A recent deal in Manhattan might provide some clarity on valuations. A lending syndicate led by Deutsche Bank agreed this month to sell the building at 1540 Broadway to a client of CB Richard Ellis Investors for about $375 million. That was less than half the $830 million price that Macklowe Properties paid for the property in 2007, before surrendering it to the Deutsche syndicate last year. If a few more transactions like that occur, "the bottom will be set," one New York broker said.
Even if low-rate financing suddenly became available, sales would still be held back by awful conditions in the broader financial markets. If businesses continue to close or downsize, vacancy rates would rise. That, in turn, would push down rents, decrease property values and further scare away buyers. While many buyers claim to be interested in distressed properties during the good times, they often change their tune in a sour economy, one market player said.
Asking rents in Midtown Manhattan dropped $4.67/sf, or 5.5%, in the fourth quarter, according to a report from Cushman & Wakefield. In San Francisco's Financial District, new leases for Class-A space averaged $5.59/sf less in the fourth quarter than in the third quarter, down 18.5%. "With no new net demand, where will rents settle? How many zombie tenants are in any given building?" asked one Los Angeles broker, referring to doomed tenants that still occupy space.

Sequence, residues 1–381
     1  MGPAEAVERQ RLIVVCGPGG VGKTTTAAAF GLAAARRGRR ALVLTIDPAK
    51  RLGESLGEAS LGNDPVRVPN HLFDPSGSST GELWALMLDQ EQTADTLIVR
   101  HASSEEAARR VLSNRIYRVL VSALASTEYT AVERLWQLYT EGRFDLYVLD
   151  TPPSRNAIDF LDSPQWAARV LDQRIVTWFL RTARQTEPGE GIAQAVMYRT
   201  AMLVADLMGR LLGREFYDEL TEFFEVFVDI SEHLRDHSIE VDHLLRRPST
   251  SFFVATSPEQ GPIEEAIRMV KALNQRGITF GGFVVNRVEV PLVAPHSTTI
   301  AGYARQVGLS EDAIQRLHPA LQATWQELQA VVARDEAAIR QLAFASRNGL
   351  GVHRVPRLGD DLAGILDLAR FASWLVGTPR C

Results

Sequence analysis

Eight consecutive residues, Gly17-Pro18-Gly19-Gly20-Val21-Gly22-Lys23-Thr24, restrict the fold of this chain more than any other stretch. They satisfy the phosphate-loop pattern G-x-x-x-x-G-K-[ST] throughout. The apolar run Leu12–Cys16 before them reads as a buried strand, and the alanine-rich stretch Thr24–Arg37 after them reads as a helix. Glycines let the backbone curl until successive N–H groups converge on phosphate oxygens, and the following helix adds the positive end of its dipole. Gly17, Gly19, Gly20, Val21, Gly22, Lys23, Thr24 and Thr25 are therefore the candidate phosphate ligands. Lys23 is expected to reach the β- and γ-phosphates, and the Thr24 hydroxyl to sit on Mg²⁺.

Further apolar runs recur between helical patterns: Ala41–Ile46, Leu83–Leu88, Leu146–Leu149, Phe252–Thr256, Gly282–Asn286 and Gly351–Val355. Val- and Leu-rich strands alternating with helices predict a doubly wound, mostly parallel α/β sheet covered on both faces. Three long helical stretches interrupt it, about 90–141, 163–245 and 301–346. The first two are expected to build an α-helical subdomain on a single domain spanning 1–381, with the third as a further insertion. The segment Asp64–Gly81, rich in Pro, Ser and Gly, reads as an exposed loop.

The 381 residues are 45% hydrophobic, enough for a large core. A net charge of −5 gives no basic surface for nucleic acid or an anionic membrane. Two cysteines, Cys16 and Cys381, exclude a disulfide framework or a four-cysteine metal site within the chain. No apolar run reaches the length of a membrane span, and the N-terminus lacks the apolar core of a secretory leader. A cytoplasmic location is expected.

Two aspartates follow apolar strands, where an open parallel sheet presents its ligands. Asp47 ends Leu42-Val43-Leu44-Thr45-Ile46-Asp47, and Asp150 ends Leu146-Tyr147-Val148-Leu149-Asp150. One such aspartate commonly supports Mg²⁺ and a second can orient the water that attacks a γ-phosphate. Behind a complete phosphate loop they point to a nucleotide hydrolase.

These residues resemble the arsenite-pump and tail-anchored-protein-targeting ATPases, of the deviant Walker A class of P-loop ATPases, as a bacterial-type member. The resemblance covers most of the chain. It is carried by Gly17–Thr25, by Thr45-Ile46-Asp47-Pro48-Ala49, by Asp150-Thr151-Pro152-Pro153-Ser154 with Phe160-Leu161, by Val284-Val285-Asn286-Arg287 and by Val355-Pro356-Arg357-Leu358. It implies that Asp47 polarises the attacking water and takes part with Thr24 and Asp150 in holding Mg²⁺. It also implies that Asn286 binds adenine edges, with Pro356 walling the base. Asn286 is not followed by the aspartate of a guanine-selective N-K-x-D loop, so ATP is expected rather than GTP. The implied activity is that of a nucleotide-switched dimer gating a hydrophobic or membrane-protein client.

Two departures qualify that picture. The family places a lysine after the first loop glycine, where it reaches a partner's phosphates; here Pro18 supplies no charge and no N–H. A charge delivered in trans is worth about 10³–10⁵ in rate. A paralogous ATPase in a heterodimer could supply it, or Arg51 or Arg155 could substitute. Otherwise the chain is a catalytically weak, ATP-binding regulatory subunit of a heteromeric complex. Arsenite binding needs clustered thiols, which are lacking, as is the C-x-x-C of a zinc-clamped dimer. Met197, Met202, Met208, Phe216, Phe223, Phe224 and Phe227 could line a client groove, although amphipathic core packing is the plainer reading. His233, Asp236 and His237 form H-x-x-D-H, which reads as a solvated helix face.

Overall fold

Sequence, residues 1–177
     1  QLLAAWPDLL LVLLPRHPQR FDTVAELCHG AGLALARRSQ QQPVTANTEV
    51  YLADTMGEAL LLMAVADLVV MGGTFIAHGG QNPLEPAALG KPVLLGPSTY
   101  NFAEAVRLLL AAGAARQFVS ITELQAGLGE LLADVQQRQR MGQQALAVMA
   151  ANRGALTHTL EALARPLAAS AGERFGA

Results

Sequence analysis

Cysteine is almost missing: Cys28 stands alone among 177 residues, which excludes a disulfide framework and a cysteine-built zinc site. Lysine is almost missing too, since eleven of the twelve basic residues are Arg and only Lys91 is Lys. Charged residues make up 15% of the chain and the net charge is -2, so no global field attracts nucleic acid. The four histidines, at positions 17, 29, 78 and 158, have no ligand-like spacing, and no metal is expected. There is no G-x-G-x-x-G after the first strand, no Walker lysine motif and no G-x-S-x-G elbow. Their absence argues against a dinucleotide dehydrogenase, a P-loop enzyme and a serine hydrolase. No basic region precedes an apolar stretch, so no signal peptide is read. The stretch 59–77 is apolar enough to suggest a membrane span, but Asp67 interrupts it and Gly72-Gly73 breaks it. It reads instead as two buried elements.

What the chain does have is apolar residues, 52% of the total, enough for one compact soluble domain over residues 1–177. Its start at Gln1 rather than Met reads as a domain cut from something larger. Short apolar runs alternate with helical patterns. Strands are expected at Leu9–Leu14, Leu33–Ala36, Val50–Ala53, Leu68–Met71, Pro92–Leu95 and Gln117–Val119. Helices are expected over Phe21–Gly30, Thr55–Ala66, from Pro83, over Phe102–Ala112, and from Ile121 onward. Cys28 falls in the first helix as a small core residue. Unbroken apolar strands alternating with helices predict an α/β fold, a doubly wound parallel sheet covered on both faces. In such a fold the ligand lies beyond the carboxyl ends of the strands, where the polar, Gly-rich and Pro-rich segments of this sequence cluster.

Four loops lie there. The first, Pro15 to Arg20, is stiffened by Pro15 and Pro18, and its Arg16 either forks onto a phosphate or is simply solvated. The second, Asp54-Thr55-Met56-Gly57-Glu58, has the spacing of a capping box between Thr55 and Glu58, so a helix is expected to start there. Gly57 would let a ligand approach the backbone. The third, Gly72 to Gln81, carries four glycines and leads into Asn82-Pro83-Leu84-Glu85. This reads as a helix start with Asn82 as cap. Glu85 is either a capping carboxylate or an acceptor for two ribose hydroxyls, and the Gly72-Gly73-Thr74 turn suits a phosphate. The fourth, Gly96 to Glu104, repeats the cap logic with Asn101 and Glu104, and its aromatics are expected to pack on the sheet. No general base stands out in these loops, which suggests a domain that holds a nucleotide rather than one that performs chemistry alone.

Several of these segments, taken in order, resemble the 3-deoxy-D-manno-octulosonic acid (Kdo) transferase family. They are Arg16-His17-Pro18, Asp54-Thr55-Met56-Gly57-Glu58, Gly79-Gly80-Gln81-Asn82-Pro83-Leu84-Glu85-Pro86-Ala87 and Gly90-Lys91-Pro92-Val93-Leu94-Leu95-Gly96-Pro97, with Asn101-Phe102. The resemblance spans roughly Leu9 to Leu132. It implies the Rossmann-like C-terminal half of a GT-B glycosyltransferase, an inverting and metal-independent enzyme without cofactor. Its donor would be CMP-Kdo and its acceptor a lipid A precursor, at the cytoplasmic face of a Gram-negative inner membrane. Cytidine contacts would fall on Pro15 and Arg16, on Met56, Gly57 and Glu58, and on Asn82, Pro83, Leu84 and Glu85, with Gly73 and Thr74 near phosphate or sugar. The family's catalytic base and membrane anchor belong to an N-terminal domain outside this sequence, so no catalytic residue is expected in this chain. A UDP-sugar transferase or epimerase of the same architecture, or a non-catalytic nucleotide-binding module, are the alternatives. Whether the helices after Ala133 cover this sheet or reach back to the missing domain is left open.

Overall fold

Market pros hold out a glimmer of hope that the lending environment might improve in the second half, especially if the federal government's economic stimulus plan stems the rising unemployment rate. Still, there is widespread pessimism about 2009. One high-yield fund operator who was asked what gives him optimism about this year, replied: "It gets us closer to 2010."